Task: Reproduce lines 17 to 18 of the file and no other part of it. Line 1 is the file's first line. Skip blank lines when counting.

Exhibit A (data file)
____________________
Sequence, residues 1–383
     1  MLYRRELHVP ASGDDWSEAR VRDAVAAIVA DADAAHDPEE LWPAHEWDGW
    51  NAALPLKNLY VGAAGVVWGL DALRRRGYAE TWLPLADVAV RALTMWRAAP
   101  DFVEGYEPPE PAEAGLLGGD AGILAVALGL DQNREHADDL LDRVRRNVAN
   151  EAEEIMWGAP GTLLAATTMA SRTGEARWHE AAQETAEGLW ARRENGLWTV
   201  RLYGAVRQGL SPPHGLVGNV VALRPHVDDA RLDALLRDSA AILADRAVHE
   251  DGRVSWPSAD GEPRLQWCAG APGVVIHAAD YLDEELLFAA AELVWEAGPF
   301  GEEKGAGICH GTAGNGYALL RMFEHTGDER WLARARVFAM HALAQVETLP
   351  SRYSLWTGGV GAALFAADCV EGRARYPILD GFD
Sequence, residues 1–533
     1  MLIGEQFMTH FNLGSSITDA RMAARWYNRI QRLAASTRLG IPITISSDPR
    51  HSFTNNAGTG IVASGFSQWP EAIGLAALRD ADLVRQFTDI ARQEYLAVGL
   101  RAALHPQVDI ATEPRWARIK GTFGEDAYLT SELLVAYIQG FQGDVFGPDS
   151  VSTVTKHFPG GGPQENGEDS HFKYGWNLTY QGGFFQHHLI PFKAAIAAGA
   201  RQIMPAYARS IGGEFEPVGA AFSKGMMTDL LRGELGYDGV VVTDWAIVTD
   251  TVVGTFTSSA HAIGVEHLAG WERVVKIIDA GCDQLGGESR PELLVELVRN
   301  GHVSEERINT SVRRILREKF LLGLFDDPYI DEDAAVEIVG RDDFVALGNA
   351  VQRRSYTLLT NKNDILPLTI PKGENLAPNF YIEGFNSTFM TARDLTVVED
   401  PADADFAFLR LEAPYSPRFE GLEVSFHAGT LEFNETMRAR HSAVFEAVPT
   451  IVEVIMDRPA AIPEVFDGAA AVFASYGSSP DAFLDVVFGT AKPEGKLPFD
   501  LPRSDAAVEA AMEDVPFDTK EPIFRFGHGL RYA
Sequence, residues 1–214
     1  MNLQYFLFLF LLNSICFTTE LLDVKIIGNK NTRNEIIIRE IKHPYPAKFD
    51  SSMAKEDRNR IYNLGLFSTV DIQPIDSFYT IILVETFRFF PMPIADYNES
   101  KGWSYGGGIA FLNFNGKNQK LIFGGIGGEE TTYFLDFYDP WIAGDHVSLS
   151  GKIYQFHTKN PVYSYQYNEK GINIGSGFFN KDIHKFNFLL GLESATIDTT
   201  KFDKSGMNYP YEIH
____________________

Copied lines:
   301  GHVSEERINT SVRRILREKF LLGLFDDPYI DEDAAVEIVG RDDFVALGNA
   351  VQRRSYTLLT NKNDILPLTI PKGENLAPNF YIEGFNSTFM TARDLTVVED